The StrawPot from Ivy Acres is made from rice straw, coconut husks and a natural latex adhesive. The pots show no signs of decomposing above ground. Because the container material is porous, air circulates through the pot and prunes the roots of plants to the interior of the pot. The consumer can put the StrawPot directly in the ground, where the pots begin a three to six month biodegrading process. Sizes range from 3 ½ inches to 2 gallons. www.ivyacres.com/strawpot.html
Western Pulp’s molded fiber containers are made from cellulose and provide good insulation against heat and cold. Containers are biodegradable and can be composted. Large and extra large containers made from the company’s standard nursery formulation with asphalt emulsion will last longer than thin wall rose containers made from straight paper. The metal and nylon hangers, as well as the brass eyelets used on Western Pulp’s baskets, are not biodegradable, but they are recyclable. www.westernpulp.com
All descriptions were supplied by the manufacturers.
Purdue’s Roberto Lopez found that consumers are willing to pay more for a variety of sustainable pots that use recycled materials. Photo by Tom CampbellConsumers will shell out for sustainable pots
For the sake of sustainability, consumers are willing to put their money —at least some of it—where their mouths are, according to a Purdue University-led study.
Surveys have consistently shown that consumers say they are willing to pay more for sustainable products in the floriculture industry. The industry has been slow to adopt items such as sustainable pots.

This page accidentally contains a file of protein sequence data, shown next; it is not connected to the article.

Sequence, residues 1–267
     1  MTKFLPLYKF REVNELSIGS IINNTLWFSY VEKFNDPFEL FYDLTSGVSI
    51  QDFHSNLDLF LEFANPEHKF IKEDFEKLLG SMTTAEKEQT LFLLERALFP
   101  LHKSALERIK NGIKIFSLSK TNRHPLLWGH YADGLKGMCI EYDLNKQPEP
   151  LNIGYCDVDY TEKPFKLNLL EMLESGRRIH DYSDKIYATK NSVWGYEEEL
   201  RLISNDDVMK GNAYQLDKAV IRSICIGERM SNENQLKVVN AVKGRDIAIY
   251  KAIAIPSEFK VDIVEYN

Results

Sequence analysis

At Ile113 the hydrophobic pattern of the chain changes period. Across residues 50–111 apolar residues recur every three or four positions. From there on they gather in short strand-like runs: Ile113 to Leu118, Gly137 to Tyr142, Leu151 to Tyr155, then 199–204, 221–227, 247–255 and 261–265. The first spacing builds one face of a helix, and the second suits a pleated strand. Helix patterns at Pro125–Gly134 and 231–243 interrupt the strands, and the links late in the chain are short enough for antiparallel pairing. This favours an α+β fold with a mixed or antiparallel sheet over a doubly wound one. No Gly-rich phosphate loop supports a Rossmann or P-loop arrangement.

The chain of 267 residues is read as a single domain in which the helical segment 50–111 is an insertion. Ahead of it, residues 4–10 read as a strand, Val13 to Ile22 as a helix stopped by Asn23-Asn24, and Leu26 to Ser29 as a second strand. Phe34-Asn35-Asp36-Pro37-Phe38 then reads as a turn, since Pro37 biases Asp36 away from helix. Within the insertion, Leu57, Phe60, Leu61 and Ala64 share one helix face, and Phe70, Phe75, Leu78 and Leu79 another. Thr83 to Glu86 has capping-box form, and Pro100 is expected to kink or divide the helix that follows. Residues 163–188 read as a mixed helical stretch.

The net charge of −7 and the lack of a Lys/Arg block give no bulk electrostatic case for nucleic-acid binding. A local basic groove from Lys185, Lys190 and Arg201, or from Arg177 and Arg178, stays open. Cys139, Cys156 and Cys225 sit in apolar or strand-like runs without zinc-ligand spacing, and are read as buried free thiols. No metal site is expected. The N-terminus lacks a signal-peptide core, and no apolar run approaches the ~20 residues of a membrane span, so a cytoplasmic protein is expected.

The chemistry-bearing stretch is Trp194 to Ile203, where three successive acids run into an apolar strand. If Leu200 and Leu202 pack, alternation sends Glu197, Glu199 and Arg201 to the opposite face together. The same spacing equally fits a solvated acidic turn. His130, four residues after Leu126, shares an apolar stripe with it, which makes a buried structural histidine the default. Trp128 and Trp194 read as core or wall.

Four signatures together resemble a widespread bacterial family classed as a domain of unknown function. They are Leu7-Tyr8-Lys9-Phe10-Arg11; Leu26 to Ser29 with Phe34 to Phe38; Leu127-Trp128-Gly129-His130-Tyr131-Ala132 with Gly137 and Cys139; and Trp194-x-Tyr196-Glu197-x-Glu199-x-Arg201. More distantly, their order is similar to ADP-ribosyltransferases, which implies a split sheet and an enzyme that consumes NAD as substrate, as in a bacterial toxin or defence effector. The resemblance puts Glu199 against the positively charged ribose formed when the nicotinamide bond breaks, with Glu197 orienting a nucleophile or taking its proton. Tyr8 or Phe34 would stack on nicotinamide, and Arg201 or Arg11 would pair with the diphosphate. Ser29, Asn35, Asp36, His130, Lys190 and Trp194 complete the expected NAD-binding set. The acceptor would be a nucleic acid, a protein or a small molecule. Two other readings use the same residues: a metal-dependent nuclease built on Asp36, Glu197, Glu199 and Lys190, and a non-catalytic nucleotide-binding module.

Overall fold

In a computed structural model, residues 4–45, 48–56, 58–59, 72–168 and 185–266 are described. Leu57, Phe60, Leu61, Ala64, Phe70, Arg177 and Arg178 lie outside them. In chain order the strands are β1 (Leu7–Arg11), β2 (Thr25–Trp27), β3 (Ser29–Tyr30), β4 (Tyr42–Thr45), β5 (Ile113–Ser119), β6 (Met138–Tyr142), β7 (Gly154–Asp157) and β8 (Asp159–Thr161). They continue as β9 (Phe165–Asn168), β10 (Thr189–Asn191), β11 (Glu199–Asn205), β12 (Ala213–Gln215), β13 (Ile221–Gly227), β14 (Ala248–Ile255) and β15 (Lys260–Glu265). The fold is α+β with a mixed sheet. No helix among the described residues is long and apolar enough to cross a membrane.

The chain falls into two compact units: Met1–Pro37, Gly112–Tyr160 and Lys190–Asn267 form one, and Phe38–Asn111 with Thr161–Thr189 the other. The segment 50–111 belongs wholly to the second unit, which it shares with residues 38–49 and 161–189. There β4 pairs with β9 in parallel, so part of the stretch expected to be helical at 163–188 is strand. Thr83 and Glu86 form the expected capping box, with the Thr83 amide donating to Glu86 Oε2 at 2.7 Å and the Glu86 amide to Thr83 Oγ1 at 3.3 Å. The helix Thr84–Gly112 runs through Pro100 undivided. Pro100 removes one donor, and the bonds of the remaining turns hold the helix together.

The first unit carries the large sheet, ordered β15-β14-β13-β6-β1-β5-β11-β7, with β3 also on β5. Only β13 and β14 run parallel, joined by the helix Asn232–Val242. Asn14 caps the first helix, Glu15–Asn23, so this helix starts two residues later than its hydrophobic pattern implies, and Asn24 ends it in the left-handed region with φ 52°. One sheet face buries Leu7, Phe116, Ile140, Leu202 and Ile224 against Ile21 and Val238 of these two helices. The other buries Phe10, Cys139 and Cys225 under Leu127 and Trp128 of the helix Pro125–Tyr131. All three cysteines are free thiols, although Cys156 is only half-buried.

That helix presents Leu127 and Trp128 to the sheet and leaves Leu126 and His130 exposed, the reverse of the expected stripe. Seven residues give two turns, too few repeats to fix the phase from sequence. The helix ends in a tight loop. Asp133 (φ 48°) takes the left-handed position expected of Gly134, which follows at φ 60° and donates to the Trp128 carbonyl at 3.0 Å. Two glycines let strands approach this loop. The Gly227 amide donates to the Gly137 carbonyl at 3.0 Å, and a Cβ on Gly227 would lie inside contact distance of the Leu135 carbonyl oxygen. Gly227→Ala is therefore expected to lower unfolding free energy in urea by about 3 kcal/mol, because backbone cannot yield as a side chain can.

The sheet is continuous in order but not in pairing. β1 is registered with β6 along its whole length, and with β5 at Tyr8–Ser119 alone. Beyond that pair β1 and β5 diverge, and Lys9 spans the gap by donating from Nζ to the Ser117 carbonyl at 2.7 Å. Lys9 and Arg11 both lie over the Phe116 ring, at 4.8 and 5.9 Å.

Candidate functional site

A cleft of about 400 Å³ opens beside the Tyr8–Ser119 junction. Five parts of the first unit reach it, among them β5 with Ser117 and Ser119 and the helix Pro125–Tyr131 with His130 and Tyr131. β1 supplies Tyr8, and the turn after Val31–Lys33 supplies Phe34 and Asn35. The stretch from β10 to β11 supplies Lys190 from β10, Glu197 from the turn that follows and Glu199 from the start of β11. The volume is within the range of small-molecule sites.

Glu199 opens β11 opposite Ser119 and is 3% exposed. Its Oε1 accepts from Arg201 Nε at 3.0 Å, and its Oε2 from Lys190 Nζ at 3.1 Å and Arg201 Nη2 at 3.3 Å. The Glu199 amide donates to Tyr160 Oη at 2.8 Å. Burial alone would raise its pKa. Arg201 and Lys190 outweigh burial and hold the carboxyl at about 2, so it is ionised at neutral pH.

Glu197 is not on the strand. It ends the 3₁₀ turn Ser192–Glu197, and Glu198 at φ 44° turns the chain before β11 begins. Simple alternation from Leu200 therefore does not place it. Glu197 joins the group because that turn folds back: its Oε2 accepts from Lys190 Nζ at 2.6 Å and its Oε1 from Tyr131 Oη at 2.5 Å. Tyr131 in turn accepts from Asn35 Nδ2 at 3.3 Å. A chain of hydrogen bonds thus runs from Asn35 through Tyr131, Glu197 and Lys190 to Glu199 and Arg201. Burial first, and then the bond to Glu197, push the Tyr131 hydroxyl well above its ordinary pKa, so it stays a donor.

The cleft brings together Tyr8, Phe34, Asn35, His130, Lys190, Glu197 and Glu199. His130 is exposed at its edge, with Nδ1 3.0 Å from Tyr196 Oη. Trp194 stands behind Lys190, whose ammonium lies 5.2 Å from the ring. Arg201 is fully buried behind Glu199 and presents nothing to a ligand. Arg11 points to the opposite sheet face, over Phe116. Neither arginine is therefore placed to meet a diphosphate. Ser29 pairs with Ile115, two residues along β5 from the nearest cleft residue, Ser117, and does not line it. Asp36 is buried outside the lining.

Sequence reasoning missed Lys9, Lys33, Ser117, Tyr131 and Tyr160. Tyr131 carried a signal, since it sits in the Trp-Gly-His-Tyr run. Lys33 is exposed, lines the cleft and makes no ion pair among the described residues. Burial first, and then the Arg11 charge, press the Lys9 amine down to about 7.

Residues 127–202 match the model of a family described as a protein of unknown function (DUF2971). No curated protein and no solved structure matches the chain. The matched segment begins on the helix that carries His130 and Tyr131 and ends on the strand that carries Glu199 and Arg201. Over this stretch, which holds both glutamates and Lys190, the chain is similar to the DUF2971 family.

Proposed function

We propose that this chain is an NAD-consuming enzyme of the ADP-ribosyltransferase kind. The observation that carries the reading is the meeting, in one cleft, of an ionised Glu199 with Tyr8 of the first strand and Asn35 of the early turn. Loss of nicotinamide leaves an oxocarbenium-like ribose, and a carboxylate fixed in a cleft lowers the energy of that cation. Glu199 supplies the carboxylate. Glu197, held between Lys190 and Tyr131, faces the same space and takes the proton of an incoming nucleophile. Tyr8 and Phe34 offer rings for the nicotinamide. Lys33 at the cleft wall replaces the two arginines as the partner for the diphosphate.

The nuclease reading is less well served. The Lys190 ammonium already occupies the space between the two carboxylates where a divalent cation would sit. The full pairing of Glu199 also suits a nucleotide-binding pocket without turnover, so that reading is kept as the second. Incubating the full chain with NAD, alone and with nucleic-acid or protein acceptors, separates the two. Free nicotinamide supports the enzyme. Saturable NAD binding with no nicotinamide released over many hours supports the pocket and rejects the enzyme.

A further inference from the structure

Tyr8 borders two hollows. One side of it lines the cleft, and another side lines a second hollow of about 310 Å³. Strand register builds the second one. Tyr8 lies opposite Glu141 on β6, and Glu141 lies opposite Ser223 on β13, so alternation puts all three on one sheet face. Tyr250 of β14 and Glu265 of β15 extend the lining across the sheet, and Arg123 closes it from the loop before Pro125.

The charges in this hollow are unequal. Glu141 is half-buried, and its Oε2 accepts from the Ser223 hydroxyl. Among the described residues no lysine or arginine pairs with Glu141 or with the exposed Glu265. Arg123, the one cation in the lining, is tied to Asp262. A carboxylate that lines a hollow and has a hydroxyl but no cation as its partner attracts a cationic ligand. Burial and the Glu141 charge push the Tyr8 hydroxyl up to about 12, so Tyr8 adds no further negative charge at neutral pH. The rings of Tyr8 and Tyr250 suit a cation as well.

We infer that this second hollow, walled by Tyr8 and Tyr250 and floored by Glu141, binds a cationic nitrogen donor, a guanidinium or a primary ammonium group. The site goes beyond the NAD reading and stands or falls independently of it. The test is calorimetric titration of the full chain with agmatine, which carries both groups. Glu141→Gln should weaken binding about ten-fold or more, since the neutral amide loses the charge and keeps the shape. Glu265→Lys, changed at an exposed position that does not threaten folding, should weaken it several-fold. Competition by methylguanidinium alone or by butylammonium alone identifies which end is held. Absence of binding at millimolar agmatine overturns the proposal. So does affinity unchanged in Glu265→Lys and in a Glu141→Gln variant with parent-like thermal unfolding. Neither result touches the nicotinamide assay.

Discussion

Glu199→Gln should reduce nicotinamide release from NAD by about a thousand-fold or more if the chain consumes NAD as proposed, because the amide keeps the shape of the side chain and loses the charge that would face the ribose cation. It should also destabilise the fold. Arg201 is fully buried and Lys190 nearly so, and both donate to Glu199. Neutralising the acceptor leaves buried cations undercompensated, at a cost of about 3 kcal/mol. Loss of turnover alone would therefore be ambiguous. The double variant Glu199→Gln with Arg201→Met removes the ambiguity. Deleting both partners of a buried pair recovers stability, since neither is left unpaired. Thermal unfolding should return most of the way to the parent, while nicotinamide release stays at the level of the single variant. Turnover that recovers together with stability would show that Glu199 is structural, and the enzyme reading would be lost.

"The floriculture industry uses a lot of plastic, and, in recent years, has come under pressure to become more sustainable and use biodegradable or compostable pots," said Roberto G. Lopez, an assistant professor of horticulture at Purdue and co-author of the paper on the findings. "There is concern about recouping the costs of becoming sustainable. People say they are willing to spend 50 cents more for sustainable pots, so we wanted to see if they actually would.”
Lopez and Jennifer H. Dennis, an associate professor of horticulture and agricultural economics at Purdue, teamed with researchers at Michigan State University, Texas A&M University and the University of Minnesota to see if consumers' actual purchases would match up with what they said they would pay. Groups of consumers were given $30 each at silent auctions. They could walk away with the money or put in bids on flowers contained in different types of pots.
Each auction item gave information on the type of pot, the carbon footprint it had and the amount of recycled materials it contained. Bids were averaged to see what people would pay for the plants in sustainable pots.
In surveys, consumers said they would pay 69 cents more on average for pots made from rice hulls. At the auctions, they were willing to pay 58 cents more. For straw pots, the consumers said they would pay 63 cents more, and at auction they were willing to pay 37 cents more. And consumers said they'd pay 24 cents more for wheat pots, and actually paid 23 cents more at auction.
Lopez said results of the study are good news for the floriculture industry, which has seen costs rise much faster than prices it has been able to charge. Natural gas has more than doubled in price over the last decade, while the price of poinsettias has increased only 11 percent in that time.
For more: Roberto Lopez, firstname.lastname@example.org.